A spell of four wickets for the loss of just six runs and a nail-biting late partnership helped Pakistan set up a semi-final clash with England in the Champions Trophy after a roller coaster affair in Cardiff.
Junaid and Amir limit Sri Lanka total
With both sides requiring victory to progress, Sri Lanka made a relatively comfortable start after being put into bat. Despite Danushka Gunathilaka falling victim to Junaid Khan in the early stages, tournament star Niroshan Dickwella and Kusal Mendis were able to steady the ship as the underdogs looked well set at 82-1.
However, the loss of two wickets within three balls threatened to derail their attempt to post a high score as Mendis fell for 27 and Dinesh Chandimal followed him just minutes later without scoring.
Yet Sri Lanka responded as Dickwella and Angelo Mathews combined to counter-attack with a timely partnership of 78. With 300 now looking a reasonable target, Pakistan were desperate to find a breakthrough and it was premier bowler Mohammad Amir who came up with the goods, beating Mathews for pace as he dismissed the Sri Lankan captain for 39.
That moment sparked four successive overs where Pakistan picked up as many wickets for the loss of just six runs. The dangerous Dickwella departed for 73 as the middle-order collapsed at the feet of Amir and Junaid, leaving Sri Lanka now struggling at 167-7.
Mathews' side briefly regathered as Asela Gunaratne and Suranga Lakmal forged an important partnership of 46. Hasan Ali eventually caused the downfall of both as Sri Lanka posted a modest total of 236 after being bowled out in the final over.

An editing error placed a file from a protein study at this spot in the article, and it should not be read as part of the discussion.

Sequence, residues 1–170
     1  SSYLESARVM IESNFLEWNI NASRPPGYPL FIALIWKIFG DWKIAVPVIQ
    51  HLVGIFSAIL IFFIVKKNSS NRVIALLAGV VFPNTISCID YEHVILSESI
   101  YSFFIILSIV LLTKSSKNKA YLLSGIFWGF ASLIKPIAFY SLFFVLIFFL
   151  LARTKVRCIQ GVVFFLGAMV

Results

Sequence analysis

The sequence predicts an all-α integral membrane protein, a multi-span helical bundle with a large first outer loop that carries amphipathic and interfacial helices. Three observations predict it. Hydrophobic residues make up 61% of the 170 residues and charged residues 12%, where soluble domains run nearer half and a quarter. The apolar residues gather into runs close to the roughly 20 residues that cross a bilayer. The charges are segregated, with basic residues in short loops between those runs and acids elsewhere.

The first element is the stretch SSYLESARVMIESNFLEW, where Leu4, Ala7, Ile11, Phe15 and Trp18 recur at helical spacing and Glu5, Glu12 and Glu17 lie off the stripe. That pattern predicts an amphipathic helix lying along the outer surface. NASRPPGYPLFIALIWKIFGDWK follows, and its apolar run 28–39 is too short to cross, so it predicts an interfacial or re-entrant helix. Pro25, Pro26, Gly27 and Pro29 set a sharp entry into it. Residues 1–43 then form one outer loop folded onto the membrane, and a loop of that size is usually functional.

Sarfraz leads his team to victory after regular wickets
Pakistan looked well set to pick off the target and progress with ease, particularly as Azhar Ali and Fakhar Zaman built a telling partnership based on precision placement and quick running between the wickets.
In a partnership of 74 off just 68 deliveries, Zaman had looked the more composed with nine boundaries that took him to 50 off just 36 deliveries, whilst Azhar lingered with a strike rate of 68 after taking 15 balls to get off the mark. Yet it was Zaman who was subject to a Sri Lanka breakthrough as Nuwan Pradeep picked up the first of his three wickets.
At that point, there was no reason for Pakistan to panic but as Sri Lanka's bowling attack, spearheaded by Pradeep, built their confidence wickets began to fall at regular intervals. Partnerships of 18, 3, 15, 21 and 6 left Sarfraz Ahmed's side in a challenging position at 137-6, still 100 runs from their target.
Yet the captain was able to ignore what had proceeded his entrance and when Fahim Ashraf was run out at 162-7, he managed to lead his team to victory with a patient, if somewhat nervy, spell at the crease. Excellently supported by Amir who made an unbeaten 28, Sarfraz built a steady 61 off 79 despite being dropped twice off the bowling of Lasith Malinga.
The pair put on the highest eighth-wicket stand of the tournament with 75 as they picked off the total with 31 balls to spare. Meanwhile, Malinga was wondering what could have been as the dropped catches left him with just one wicket in probably his last tournament ODI for Sri Lanka.